A few weeks ago, production environment came to an outage, solve it cost me 8 hours (from 3am to 11am) although total down time is not long, really a bad expenrience. Finally, impact was mitigated, and I’m working on a long term solution. I learned some important things from this accident.
I received alarms about live performance issue at 3am, first is server latency increaing, soon some service’s health check failed due to high load.
I did following:
- Check monitor
- Identify the problem is caused by KV system
Okay, problem is here, I know the problem is KV system’s performance issue. But I can’t figure out the root case right now, I need a temporary solution. Straightward way is redirect traffic to slave instance. But I know it won’t work (actually it is true), I come to similar issue before, did a fix for it, but seems it doesn’t work.
The real down time was not long, performance recovered to some degree soon, but latency was still high, not normal. I monitored it for long time, and tried to find out the root case until morning. Since traffic was growing when peak hour coming, performance became problem again.
I decided to upgrade the server to a large tier with more cpu cores, since the problem is caused by high cpu usage. After it, latency back to normal, at least users won’t feel anyting unusual, but KV server’s cpu usage is still high, so the problem needs more inspectation.
In the following working day, I worked on investigating the root case. And finally figured out the problem is caused by a lot of keys in KV expired at the same time. And the underlying storage engine can’t hanle this condition well. I’m working on migrate KV system to another one(AWS DynamoDB).
There is something I did wrong when reviewing this accident.
Our campany’s original KV system is hosted by redis (with AOF enabled), but the total size is limited by RAM, and data size grows quickly, can’t fit in RAM anymore. So I need to migrate to a disk based choice, and I perfer to migrate a system compatible with redis protocol, then I needn’t change live code and migrating data will be simple.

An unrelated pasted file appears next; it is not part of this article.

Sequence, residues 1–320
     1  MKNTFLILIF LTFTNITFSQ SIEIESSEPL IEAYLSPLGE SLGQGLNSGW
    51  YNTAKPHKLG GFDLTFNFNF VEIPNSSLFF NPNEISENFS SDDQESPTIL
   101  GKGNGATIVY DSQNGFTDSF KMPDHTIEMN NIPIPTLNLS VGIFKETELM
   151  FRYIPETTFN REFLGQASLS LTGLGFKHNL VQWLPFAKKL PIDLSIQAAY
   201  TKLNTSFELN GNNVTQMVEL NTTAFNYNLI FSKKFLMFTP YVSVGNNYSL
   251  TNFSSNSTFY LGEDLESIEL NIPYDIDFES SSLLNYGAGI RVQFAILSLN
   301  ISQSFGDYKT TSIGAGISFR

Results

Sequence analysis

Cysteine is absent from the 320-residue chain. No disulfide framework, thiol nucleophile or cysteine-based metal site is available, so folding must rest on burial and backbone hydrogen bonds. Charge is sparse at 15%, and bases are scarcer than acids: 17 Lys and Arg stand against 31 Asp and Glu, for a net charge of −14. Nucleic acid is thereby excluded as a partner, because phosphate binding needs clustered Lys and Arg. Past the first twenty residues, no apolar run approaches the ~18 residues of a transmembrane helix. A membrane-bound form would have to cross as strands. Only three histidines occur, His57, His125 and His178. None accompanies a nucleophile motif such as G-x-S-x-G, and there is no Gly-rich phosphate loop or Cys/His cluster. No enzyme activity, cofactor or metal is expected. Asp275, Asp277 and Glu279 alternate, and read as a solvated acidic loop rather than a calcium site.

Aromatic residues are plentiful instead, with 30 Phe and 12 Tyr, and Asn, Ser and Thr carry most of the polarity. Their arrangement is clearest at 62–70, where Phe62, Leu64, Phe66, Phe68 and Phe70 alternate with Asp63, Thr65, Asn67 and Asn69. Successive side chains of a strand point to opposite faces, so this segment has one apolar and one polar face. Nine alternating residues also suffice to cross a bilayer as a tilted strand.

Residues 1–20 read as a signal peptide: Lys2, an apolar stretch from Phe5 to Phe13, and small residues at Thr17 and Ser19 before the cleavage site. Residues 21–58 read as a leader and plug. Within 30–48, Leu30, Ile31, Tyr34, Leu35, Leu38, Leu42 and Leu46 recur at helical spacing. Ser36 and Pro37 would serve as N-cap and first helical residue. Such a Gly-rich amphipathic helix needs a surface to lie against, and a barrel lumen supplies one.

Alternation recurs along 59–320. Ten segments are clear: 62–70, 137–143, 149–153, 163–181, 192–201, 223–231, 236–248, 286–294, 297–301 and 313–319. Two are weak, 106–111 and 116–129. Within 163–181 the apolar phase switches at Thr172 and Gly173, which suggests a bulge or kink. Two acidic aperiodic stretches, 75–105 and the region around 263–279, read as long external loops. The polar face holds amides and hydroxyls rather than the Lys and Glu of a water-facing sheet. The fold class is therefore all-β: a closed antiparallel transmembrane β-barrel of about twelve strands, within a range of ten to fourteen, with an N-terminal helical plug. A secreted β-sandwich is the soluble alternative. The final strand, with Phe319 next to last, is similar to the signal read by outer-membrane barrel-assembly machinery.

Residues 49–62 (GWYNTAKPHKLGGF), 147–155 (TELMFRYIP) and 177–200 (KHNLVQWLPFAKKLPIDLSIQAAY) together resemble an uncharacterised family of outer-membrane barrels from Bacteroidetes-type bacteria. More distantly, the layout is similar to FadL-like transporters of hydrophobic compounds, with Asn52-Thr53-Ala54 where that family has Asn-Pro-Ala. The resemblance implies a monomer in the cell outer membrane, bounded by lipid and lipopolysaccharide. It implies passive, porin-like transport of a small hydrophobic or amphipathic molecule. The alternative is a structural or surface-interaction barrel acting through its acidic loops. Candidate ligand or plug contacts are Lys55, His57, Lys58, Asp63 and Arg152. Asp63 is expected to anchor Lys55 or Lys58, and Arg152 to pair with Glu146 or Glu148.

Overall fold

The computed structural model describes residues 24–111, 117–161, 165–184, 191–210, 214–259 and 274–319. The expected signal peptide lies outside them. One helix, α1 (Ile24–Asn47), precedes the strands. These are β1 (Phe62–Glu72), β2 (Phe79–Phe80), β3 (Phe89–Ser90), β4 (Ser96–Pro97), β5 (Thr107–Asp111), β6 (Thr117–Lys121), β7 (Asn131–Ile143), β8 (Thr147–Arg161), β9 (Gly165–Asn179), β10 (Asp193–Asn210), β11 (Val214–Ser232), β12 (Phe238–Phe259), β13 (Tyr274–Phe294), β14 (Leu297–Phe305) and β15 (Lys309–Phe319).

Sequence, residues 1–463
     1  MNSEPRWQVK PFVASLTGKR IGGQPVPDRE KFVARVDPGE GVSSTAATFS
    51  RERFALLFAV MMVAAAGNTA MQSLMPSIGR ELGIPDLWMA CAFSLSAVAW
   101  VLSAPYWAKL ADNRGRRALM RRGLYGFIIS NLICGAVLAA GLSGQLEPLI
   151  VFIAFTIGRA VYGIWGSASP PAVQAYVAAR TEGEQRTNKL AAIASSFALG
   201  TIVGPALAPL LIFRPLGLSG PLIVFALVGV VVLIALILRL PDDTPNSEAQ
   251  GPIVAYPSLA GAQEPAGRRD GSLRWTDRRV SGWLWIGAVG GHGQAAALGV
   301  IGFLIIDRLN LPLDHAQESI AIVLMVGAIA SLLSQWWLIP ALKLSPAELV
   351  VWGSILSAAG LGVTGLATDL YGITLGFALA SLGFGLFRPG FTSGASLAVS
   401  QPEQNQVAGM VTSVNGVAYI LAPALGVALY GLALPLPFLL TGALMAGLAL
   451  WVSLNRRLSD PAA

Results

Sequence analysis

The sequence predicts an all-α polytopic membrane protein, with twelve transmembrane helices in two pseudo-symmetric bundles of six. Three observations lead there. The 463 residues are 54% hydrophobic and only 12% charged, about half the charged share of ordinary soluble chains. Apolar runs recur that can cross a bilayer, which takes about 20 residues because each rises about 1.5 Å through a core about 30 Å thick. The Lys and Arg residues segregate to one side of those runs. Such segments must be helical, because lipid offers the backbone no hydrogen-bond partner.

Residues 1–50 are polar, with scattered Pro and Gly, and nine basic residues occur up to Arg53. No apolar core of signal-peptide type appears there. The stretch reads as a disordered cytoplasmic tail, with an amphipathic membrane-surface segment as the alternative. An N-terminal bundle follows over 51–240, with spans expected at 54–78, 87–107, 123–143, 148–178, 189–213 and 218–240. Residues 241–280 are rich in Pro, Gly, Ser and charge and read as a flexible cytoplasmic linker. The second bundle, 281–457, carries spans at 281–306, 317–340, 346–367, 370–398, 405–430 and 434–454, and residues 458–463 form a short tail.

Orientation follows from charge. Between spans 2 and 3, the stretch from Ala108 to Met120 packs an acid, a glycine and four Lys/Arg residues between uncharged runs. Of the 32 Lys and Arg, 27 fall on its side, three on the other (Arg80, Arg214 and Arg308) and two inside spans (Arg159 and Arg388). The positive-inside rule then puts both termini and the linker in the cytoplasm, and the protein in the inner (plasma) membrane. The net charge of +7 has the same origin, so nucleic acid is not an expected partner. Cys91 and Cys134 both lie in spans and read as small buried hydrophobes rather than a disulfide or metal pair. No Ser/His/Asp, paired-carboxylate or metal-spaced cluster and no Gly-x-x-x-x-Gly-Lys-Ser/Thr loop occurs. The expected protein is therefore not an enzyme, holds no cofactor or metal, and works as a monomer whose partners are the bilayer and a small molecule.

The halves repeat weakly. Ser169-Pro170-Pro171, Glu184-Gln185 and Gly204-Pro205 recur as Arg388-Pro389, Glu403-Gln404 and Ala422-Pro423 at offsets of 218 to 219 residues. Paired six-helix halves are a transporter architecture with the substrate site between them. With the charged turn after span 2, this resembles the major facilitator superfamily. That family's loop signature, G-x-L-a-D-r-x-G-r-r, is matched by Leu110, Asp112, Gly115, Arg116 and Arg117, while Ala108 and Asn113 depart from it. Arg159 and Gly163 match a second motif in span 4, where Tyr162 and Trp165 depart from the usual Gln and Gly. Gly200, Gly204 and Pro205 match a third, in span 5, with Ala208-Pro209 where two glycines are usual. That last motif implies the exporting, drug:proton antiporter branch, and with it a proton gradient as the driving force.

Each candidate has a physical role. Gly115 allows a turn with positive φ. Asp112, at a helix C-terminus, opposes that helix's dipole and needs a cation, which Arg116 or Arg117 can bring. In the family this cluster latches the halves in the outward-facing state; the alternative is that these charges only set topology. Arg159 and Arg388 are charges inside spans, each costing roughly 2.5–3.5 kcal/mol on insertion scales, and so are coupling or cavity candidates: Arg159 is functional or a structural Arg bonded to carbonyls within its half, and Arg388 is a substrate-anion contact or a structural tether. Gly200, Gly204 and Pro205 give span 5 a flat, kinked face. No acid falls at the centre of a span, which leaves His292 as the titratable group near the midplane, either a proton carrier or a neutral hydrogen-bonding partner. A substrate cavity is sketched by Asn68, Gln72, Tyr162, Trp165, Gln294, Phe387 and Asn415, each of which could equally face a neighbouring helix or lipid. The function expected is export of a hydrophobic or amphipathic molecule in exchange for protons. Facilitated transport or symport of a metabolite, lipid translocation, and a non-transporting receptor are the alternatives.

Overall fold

After investigating several choices, I choosed current one, since its compatibility is best. I came to several bugs when testing, reported it to author,he fixed it very quickly (really appreciated). The reason why I didn’t migrate to DynamoDB is also migration effort is big, although I must do it now. When running on live, performance is great, but I came to crash issue sometime, the author also fixed it. Looking back today, I feel it’s too bugy, and I should consider migratition earlier. The codebase is too large and I’m not familiar with C++, every time came to bug, I can’t figure out the root case indenpendently.
When reviewing my process of handling outage, I’m lack of mitigation solution, most thing I can do is just waiting and monitoring.
When choosing core technology, we should be more careful, not only considering the migration effort, but also backup, recovering, monitor and outage handling.
So the right process if handling outage is:
- Notice the problem (receive alerm).
- Reponse to it quick. (Let team know I’m handling it)
- Migitation, make business back to normal. (Maybe fail over to slave)
- Cleanup and fix previous workaround.